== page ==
Julie's Reviews > Provence, 1970: M.F.K. Fisher, Julia Child, James Beard, and the Reinvention of American Taste

Provence, 1970 by Luke Barr
Rate this book
Clear rating

by
1213607
On a run last week, I saw a hummingbird at rest on the bough of a blackberry bush. Such a rare treat to see this tiny thumb of shimmering green and red in repose instead of as a darting blur at the hanging basket of flowers on our front patio. I paused to watch him on the gently swaying bough. In three heartbeats, he was gone.

Provence, 1970 is about recognizing the hummingbird at rest. It is about capturing a moment in time and holding it in freeze frame, before it darts away to catch up with the world. The moment and place and (most of) the players are evident in the book's title. Luke Barr, M.F.K. Fisher's grandnephew and an editor at Travel + Leisure magazine, offers a bird's eye view into a movement on the threshold of change.

The movement is, of course, America's relationship to food. The change afoot in Provence, 1970 is the shift away from European—predominantly French—sensibilities, toward an embrace of the organic, local movements combined with an increasingly global palate.

Food is perhaps the most vibrant reflection of culture and when cultural trends shift, shed and shake, those who influence our taste buds must shift with it, or be pushed back to the dark corners of the kitchen cabinets with the jello molds and fondue pots. Provence, 1970 shows how some of our greatest food icons reconciled their beliefs in the superiority of all things French with the inevitable change in American tastes.

Most tender and intimate is Barr's treatment of M.F.K. Fisher. She is the central character, a women in her sixties on the cusp of a life shift. Her children are grown, her career is comfortable, she is content to be without a husband. But she does need a home. When her house in Napa sells, a friend offers to build her a cottage on his property in Sonoma. She'd long planned to live out her older years in Provence, but now that this time is upon her, she wonders if modern France holds the same magic as the one of her memory. Her months in Provence, while she awaits the construction of the Sonoma house, become a meditation on the acceptance of letting go of the past and embracing a fresh start.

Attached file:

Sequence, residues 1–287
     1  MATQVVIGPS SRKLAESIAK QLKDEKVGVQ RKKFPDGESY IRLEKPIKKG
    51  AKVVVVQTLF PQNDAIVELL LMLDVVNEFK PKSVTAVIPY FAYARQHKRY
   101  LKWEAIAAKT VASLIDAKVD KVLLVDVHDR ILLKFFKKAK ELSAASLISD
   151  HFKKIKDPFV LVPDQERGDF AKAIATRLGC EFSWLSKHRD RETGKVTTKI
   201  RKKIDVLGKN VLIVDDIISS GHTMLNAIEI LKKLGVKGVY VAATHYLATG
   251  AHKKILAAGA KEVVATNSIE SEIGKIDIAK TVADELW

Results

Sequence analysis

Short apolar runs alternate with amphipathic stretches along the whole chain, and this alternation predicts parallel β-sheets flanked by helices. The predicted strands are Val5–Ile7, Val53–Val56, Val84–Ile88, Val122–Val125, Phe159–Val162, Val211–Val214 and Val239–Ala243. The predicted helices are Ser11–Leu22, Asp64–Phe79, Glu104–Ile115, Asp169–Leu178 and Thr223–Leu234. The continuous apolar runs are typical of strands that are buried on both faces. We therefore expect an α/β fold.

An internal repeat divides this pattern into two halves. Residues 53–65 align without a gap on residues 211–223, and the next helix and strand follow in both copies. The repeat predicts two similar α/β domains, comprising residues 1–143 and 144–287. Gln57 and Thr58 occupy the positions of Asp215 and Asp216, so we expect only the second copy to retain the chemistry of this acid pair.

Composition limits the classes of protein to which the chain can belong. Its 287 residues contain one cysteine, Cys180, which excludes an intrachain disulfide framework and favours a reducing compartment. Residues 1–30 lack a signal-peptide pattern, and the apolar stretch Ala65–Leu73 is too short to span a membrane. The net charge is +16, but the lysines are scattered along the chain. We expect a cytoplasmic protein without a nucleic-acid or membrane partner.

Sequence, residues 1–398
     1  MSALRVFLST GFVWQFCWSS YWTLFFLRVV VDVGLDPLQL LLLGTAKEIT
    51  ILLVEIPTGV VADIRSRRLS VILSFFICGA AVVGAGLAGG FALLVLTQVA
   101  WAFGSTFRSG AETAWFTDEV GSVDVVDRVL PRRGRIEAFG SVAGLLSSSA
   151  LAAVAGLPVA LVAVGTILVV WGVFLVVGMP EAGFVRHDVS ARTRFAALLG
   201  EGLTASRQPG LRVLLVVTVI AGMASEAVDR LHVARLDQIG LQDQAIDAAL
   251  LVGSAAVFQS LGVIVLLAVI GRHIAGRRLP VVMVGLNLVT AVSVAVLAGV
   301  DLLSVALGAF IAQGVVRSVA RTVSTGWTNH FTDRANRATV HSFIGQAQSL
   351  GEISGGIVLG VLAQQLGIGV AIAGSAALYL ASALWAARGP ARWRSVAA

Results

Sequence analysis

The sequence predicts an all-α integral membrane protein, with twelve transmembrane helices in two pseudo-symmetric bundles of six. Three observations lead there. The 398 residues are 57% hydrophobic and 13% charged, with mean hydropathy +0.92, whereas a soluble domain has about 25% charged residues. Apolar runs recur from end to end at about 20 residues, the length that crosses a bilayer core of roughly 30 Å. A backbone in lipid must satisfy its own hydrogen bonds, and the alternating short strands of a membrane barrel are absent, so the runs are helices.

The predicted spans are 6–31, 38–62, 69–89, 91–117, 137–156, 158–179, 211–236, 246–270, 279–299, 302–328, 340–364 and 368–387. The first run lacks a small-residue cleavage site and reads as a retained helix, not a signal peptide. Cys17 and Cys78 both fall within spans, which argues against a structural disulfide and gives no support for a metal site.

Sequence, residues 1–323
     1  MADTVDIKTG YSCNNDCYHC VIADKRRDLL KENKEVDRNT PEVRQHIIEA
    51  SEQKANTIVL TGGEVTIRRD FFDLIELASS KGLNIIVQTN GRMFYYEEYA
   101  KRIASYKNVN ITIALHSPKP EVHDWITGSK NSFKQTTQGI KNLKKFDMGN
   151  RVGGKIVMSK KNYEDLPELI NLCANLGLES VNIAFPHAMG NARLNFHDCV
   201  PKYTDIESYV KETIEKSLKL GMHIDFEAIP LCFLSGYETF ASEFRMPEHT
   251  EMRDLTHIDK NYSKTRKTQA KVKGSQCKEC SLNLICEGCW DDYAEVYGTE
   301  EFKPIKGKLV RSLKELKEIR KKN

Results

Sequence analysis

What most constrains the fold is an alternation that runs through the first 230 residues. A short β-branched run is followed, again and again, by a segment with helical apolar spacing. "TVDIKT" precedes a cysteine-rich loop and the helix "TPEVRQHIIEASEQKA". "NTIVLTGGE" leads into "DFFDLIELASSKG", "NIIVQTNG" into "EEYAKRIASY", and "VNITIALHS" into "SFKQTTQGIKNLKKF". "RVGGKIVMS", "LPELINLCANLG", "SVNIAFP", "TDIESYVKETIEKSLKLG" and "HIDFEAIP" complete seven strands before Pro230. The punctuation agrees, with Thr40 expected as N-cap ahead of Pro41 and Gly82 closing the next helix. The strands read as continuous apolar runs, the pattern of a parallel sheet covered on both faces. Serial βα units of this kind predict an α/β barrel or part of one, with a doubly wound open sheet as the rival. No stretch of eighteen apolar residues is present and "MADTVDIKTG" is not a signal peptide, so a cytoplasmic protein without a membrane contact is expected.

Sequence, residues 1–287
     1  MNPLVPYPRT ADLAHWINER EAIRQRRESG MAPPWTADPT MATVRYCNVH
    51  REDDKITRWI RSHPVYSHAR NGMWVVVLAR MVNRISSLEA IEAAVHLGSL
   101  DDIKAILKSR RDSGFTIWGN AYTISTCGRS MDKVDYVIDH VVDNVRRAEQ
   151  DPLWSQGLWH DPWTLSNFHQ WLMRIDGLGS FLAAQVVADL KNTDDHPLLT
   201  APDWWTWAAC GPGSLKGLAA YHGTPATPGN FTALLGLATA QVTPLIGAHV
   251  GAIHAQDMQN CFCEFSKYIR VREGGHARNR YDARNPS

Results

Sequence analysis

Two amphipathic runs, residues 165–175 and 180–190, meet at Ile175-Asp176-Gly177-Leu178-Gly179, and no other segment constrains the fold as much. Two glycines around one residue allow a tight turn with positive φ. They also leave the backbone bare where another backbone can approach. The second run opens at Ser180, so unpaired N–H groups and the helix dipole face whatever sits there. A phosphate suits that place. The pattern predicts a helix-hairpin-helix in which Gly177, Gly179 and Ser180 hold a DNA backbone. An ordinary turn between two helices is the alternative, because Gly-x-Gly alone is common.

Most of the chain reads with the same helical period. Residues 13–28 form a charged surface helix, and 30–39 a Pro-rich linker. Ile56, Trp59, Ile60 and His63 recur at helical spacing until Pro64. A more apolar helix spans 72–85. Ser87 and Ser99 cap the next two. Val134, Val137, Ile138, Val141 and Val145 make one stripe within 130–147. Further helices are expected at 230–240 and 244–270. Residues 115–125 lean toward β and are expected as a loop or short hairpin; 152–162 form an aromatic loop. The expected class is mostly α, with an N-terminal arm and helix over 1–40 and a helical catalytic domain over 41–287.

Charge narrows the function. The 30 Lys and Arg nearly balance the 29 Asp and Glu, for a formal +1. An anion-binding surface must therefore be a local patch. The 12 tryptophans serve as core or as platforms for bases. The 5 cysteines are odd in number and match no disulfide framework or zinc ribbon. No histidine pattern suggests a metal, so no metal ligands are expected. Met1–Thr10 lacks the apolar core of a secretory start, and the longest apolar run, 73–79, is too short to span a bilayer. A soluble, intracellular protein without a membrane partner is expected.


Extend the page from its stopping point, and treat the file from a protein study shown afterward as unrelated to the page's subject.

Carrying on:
The author's portrayals of M.F., the Childs, James Beard, Richard Olney and numerous secondary players are rich, savory, bitter and sweet. He shows the internal conflicts these talented and passionate chefs and writers wrestle as their relationships to food and France shift and indulges the reader with good old-fashioned gossip as he details their conflicts with each other. Julia's increasingly fraught relationship with her co-author Simone Beck is not news, but Barr shows how it was viewed through the eyes of her contemporaries. He shows what it means to be a snob (Richard Olney), a bon vivant (James Beard), and a sensualist (M.F.K. Fisher) and how a small group of Americans excel at being more French than the French themselves.

And the food. Some of Luke Barr's most delicious, vivid and even hilarious writing is in the descriptions of meals prepared and consumed throughout Provence during these winter months. It is at once a celebration of and a primer on Provençal cuisine, with unparalleled scenery, tart conversation and raw observation to set the mood.